Perhaps even more important, is the products themselves. By implementing solutions that pose the smallest possible threat in the first place, practices can protect both staff and visitors from harm.
For instance, consider substituting solutions that contain the above cleaning agents with others that utilise more natural ingredients, without compromising effectiveness against pathogens. Citrox® is one such substance.
Citrox® is an organic compound made from a blend of bioflavonoids and organic acids dissolved in water. Citrox® complex has been independently proven to be highly effective against a broad spectrum of bacteria, viruses, and fungi. Citrox® is non-carcinogenic, non-toxic, non-allergenic, non-corrosive, and dermatologically tested. It’s also approved by various medical bodies and associations to further demonstrate its efficacy and safety.
Citrox® complex has been used to create the Citrox Protect line, a range of organic, plant-based, and eco-friendly products for air hygiene, decontamination, cleaning, and sanitizing. The Citrox Protect range of solutions from Citrox Biosciences Ltd has been independently proven effective against a wide range of pathogens, including SARS-COVID, MRSA, C.difficle, E.coli and Streptococcus.
Please note: Some of the products within the Citrox Protect line are recognised as biocides. You should always use Biocides safely. Always read the label and product information before use.
High-quality cleaning and disinfection are crucial for all public settings, including dental practices. The products you employ have a significant impact on the efficacy of your infection control procedures, but also the health of your staff. Always be careful when using strong chemical agents. Look for natural alternatives wherever you can, that can protect everyone from harm without compromising the quality of its cleaning and disinfection.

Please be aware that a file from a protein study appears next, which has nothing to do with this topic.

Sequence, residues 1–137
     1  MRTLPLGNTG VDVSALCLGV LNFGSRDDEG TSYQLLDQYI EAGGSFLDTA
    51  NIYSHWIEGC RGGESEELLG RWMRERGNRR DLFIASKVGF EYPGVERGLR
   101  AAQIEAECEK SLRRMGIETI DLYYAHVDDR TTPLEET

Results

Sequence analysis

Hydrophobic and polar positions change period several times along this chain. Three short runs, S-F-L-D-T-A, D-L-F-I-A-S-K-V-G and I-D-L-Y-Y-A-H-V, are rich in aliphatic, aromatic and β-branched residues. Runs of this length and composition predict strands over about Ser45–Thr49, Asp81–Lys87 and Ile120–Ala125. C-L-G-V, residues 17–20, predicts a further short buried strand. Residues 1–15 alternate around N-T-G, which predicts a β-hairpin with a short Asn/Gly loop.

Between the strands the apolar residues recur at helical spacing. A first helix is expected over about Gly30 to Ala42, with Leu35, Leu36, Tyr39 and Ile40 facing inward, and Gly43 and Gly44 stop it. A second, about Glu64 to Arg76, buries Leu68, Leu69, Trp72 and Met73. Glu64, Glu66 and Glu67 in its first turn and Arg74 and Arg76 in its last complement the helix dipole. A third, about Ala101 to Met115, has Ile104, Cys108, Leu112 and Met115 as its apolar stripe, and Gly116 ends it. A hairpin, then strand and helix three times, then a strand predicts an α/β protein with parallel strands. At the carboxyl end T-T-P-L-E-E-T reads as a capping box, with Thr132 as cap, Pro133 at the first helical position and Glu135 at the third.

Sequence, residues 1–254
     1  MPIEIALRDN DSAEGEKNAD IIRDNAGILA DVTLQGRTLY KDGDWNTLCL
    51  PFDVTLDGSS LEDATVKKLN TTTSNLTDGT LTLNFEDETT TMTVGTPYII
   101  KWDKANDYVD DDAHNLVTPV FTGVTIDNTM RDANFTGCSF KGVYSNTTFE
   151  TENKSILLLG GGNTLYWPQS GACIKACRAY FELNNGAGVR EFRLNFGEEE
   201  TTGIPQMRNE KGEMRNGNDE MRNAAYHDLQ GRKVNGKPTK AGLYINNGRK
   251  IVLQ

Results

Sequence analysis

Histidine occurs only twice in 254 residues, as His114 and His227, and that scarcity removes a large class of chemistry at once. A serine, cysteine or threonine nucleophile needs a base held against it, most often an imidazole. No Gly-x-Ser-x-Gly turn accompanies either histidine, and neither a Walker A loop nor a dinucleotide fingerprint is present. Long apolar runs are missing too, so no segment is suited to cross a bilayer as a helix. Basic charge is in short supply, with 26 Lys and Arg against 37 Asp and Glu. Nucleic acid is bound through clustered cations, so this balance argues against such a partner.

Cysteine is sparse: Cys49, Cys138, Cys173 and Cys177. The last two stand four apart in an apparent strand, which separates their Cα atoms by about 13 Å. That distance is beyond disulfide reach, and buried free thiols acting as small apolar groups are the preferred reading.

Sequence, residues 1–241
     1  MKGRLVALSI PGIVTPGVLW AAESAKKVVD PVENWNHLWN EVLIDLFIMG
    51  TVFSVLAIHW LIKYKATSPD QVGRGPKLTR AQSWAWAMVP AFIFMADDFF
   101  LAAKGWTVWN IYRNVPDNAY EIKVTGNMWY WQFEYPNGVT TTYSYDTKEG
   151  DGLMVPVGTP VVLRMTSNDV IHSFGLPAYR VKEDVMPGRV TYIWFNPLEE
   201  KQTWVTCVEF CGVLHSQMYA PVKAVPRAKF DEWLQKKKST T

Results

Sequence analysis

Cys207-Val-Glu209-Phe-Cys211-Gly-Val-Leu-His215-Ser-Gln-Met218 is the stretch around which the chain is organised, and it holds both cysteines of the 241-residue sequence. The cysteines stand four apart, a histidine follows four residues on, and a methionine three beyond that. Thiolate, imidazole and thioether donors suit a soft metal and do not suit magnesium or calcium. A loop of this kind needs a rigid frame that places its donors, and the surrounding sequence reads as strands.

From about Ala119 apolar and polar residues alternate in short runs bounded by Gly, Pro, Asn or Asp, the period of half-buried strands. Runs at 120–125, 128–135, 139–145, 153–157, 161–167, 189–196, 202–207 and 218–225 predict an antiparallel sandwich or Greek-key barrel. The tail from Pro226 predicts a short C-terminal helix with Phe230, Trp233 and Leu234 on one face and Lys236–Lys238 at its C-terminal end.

Consider choosing the Citrox Protect for a natural and safe disinfection that you can trust.
To order visit our Wholesale section.
For more details on Citrox Protect, visit citroxbio.co.uk
[i] Public Health England. Ammonia Toxicological Overview. https://assets.publishing.service.gov.uk/government/uploads/system/uploads/attachment_data/file/455704/Ammonia_TO_PHE_240815.pdf [Accessed January 2023]
[ii] Health Protection Agency. Chlorine Toxicological Overview. https://assets.publishing.service.gov.uk/government/uploads/system/uploads/attachment_data/file/337638/hpa_chlorine_toxicological_overview_v2.pdf [Accessed January 2023]
[iii] US Department of Health and Human Serviced. Public Health Service. Agency for Toxic Substances and Disease Registry. Toxicological profile for 2-Butoxyethanol and 2-Butoxyethanol acetate. https://www.atsdr.cdc.gov/ToxProfiles/tp118.pdf [Accessed January 2023]
[iv] Public Health England. Sodium Hypochlorite Toxicological Overview. https://assets.publishing.service.gov.uk/government/uploads/system/uploads/attachment_data/file/427651/Sodium_hypochlorite_TO_PHE__130515.pdf [Accessed January 2023]